Russia’s Gas Policy in Asia: The Driving Forces and the Nature of Institutional Changes

Shadrina, E.


Russia’s turn to Asian energy markets started well before punitive sanctions were imposed by the international community. The international community politicized trade in energy after having interpreted Russia’s position on the Ukrainian crisis as a demonstration of Russia’s imperial ambitions and attempt to rebuild the Soviet Union against the Ukraine’s sovereign will to seek closer economic ties with the European Union (EU) and not with the Russia-led Eurasian Economic Union (EEU). Before the sanctions, Russia had been progressing toward establishing alternatives to the EU markets and securing its strategic economic interests in the Asian gas markets. Uncertainty inflicted on Russia’s energy-dependent economy by the sanctions has caused a new round of institutional changes in Russia’s gas policy as a whole and its Asian dimension, in particular. This paper analyses the premises and consequences of recent (pre- and post-Ukrainian crisis) institutional transitions in Russia’s natural gas governance and explores the opportunities and limitations Russia has for the implementation of its eastern natural gas policy.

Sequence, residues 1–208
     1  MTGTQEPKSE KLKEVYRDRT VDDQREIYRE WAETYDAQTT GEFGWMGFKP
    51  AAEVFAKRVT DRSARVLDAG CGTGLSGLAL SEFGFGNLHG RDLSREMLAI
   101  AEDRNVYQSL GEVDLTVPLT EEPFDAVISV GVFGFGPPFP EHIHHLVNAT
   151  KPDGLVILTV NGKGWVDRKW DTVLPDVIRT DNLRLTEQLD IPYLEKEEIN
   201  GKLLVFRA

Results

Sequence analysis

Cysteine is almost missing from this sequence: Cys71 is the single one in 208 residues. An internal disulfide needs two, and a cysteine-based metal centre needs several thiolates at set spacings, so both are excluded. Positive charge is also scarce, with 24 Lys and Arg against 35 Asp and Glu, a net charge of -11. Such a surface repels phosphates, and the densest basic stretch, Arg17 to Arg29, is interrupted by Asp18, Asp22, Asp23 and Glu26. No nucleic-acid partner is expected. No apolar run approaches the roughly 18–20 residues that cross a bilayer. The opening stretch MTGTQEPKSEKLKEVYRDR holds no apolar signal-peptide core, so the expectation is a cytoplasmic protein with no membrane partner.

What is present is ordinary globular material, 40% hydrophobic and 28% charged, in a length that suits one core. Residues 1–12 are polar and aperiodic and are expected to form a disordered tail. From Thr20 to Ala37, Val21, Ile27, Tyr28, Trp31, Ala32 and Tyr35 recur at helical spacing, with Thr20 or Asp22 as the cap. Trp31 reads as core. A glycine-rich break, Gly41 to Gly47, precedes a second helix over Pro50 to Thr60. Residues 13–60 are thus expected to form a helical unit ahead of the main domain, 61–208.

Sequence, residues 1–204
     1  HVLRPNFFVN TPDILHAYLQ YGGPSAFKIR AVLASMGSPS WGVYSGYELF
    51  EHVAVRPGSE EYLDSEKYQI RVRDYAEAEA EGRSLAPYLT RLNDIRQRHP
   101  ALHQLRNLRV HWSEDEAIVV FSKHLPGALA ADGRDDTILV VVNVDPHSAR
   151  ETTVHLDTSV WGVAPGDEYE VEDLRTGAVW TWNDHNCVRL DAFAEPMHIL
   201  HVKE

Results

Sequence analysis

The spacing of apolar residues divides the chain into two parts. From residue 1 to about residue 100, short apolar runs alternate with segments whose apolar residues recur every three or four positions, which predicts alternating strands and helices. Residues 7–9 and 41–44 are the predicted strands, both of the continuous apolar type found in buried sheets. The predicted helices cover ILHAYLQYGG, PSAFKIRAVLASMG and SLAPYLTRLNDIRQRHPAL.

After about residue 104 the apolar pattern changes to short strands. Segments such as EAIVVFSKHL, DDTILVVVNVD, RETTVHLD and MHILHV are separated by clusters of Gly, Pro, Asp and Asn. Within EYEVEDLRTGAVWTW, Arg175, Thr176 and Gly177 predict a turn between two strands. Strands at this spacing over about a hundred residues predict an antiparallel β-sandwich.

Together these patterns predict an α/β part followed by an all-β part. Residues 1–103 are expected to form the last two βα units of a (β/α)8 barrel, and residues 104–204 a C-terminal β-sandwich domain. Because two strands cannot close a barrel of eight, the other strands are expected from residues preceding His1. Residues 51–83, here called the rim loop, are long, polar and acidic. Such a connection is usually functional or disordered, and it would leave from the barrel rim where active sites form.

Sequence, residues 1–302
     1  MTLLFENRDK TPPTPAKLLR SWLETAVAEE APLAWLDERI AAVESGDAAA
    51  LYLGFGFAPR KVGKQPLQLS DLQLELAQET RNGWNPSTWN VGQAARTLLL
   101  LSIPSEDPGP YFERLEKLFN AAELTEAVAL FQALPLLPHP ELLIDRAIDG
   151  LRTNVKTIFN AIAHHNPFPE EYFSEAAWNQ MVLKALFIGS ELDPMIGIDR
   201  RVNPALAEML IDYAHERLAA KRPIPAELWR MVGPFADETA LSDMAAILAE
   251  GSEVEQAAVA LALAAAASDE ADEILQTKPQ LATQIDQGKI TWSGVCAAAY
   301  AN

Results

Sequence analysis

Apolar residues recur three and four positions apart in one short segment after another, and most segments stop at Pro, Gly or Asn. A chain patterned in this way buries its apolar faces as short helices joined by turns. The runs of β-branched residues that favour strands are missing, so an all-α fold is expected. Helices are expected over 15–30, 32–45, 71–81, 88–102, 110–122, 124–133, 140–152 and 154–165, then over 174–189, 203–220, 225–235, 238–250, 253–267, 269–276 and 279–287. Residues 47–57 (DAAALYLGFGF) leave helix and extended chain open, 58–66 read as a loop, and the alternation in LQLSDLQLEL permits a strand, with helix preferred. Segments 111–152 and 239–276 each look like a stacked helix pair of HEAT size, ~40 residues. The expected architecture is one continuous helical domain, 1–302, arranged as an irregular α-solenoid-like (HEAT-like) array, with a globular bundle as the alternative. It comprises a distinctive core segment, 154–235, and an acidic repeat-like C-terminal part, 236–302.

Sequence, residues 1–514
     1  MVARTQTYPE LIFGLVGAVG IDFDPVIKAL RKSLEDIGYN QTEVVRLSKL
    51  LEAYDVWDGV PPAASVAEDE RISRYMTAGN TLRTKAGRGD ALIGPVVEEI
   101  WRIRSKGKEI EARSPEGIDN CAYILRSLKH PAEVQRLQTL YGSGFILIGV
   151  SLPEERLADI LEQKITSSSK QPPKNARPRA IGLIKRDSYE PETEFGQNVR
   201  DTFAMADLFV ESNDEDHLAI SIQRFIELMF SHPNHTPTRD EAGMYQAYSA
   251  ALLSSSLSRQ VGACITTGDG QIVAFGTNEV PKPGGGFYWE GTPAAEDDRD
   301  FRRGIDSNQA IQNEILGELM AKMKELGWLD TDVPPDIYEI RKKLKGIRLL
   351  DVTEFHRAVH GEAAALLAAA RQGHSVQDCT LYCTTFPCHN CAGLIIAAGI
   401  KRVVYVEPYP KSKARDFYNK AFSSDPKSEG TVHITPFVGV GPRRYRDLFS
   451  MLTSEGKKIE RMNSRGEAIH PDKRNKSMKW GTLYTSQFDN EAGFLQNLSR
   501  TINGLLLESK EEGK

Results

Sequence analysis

Keywords:Institutional change, natural gas policy, Russia, Eastern Siberia and Far East (ESFE), Northeast Asia (NEA).



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